When I became a postdoctoral associate at the Koch Institute in 2009, I was thrilled to be at MIT with all these brilliant minds. Every time I went on the MIT website, I read about another discovery being made, another cool startup in the works. But I soon discovered that the only people I got to interact with were in my lab.
I looked for events that would get postdocs together but found very few. In medical school at Wake Forest, I’d served on a very active graduate student association. And although MIT has a similarly vibrant Graduate Student Council, it had no equivalent organization for postdocs. Our only option was to attend the monthly meetings of the Postdoc Advisory Committee (PAC) run by the provost’s office. While no one doubted that the provost had our best interests at heart, postdocs weren’t really setting the agenda at PAC meetings. The few who did attend were showing up to vent—and eat the free lunch.
No longer students, not yet faculty, but not exactly staff, either, postdocs are caught in the middle, navigating a period of transition that ranges from one to six years. They face unique challenges that often don’t get addressed by a student, faculty, or employee group. And with more than 1,400 postdocs at MIT spread across 50-plus departments, laboratories, and centers, it was hard to even find each other, let alone speak with a united voice.
In 2010 I attended the annual conference of the National Postdoctoral Association and found out that many universities have postdoctoral associations with elected officers and active members who organize social events, professional development programs, and other activities. Why couldn’t we do the same?
Back at MIT, as we were splitting cell lines in the cell culture room, I told two postdocs in my lab about the conference and floated the idea of starting an MIT postdoc association. “This is MIT,” my lab mate Ana Jaklenec replied. “We don’t need anyone’s permission. Let’s just do it.”
I raised the prospect at a PAC meeting, where we discussed how it might work. We’d need a budget, funding, bylaws. And we’d need time to promote the idea and get support from the faculty and the administration. None of us sitting around the table would have guessed it would take the better part of a year to get the new MIT Postdoctoral Association (PDA) off the ground.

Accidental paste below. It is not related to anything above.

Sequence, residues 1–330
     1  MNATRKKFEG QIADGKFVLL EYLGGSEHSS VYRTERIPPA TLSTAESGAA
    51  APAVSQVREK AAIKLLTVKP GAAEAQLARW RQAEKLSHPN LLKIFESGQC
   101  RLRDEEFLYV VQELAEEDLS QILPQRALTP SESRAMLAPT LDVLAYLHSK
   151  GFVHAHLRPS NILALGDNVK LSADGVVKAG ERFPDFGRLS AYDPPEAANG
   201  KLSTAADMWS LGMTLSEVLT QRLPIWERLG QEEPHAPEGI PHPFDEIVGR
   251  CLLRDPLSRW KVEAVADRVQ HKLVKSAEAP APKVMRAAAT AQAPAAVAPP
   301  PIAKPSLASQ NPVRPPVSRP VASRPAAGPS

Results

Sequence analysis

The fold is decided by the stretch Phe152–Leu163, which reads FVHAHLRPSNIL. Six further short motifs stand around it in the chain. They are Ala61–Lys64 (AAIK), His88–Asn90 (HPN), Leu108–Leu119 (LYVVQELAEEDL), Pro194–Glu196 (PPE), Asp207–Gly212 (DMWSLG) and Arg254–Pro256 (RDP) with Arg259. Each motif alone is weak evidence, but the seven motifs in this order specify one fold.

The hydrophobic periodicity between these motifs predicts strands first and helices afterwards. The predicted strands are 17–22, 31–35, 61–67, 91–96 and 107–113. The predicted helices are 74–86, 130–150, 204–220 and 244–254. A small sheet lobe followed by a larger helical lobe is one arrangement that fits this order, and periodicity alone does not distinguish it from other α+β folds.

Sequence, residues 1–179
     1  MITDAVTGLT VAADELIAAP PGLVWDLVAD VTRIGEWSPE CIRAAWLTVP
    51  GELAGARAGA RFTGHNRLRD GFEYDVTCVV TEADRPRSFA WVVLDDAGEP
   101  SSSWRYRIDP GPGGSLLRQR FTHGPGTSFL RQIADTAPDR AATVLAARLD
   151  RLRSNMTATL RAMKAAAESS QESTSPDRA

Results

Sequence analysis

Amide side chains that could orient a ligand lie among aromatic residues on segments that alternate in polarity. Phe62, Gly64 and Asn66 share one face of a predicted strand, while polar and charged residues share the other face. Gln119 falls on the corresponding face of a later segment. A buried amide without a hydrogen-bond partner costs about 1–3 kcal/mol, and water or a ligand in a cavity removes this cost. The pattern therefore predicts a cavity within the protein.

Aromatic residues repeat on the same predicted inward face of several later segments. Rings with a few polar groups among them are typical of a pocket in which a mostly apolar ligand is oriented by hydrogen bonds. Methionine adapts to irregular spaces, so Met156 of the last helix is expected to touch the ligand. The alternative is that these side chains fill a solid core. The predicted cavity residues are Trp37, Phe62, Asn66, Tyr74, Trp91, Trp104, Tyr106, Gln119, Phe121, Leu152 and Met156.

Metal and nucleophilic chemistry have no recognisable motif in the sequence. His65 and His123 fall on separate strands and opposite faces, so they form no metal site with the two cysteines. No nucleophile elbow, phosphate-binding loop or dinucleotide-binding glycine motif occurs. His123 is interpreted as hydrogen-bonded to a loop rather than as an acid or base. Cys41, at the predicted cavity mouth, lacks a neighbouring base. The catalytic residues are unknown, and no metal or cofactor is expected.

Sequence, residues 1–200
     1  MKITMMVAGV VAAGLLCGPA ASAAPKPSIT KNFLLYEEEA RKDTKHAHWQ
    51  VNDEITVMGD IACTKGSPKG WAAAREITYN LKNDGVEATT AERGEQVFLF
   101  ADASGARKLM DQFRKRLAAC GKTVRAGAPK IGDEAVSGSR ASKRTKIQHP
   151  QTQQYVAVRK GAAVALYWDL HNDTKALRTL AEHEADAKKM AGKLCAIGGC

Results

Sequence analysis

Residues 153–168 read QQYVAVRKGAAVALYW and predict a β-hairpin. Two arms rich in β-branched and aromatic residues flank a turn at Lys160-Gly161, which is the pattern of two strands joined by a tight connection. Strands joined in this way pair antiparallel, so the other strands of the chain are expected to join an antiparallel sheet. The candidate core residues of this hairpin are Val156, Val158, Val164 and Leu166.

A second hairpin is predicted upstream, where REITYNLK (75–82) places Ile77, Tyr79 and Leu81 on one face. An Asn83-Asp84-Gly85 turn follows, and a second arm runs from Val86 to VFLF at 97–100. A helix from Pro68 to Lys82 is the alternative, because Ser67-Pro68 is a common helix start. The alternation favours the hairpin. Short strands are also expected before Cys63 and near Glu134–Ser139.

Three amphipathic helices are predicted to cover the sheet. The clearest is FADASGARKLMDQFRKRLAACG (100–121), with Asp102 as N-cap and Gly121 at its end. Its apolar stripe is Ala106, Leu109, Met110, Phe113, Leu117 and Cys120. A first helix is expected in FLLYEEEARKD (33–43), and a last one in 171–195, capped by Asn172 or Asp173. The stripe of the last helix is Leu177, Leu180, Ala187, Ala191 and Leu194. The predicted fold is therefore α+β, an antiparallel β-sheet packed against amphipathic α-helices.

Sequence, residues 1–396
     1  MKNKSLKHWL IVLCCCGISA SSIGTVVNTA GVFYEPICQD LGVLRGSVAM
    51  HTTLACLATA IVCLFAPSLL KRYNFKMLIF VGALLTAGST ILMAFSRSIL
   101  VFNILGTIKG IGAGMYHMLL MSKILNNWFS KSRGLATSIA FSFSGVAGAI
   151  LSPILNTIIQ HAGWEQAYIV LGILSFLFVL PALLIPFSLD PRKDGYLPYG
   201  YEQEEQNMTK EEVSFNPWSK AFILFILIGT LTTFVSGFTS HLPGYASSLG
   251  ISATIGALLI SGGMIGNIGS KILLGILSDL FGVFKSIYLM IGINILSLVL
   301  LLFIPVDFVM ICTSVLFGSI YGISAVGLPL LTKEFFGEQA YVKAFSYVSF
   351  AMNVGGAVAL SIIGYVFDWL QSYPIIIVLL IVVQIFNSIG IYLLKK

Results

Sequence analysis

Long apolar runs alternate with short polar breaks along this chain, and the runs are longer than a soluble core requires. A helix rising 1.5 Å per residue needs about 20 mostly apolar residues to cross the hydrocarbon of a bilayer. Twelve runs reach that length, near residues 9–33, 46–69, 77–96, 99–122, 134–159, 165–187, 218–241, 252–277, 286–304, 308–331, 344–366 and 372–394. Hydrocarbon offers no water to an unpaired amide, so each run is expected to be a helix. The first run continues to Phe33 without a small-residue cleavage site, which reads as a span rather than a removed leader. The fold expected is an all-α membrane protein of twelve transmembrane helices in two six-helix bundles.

First I met with Hazel Sive, associate dean of science, and then with Claude Canizares, who was then vice president of research and associate provost. They both immediately supported our proposal and had me present it to the provost, the deans, the faculty, and President Hockfield. President Hockfield told me that postdocs needed a voice in the MIT community and that she was glad to see us taking the initiative.
There were twists and turns along the path. I had some postdocs tell me to forget about starting the PDA and form a union instead. “That would show them,” one said. But in the end we just had to give everyone time to warm up to the idea.
The PDA officially launched in September 2011, on National Postdoc Appreciation Day. At his annual postdoc appreciation lunch, Canizares introduced me as the founding president of the new organization. I told the postdocs about our purpose and introduced the other founding officers. And then we invited postdocs to speak their minds.
On a giant whiteboard, we made two columns: “What I like about being a postdoc at MIT” and “What I wish was different as a postdoc at MIT.” Before we could blink, the “What I wish was different” side was full! We heard about the hassles of getting international visas, the prohibitive expense of gym memberships, the lack of benefits for postdoctoral fellows, the dearth of opportunities for connecting with other postdocs, and more. Within a year, we had obtained access to career services at the writing center, negotiated affordable rates for athletic memberships, gotten postdocs on numerous MIT presidential committees, and secured access to the Infinite Connection for postdoctoral alumni. We also organized at least a dozen social functions and professional events for postdocs.
Ana had said “Let’s just do it.” So we did.
Founding PDA president Paulina Hill was a postdoctoral associate for two years in the Langer Lab at the David H. Koch Institute for Integrative Cancer Research, where she’s now a research affiliate.
This new data poisoning tool lets artists fight back against generative AI
The tool, called Nightshade, messes up training data in ways that could cause serious damage to image-generating AI models.
The Biggest Questions: What is death?
New neuroscience is challenging our understanding of the dying process—bringing opportunities for the living.
Rogue superintelligence and merging with machines: Inside the mind of OpenAI’s chief scientist
An exclusive conversation with Ilya Sutskever on his fears for the future of AI and why they’ve made him change the focus of his life’s work.
How to fix the internet
If we want online discourse to improve, we need to move beyond the big platforms.
Get the latest updates from
MIT Technology Review
Discover special offers, top stories, upcoming events, and more.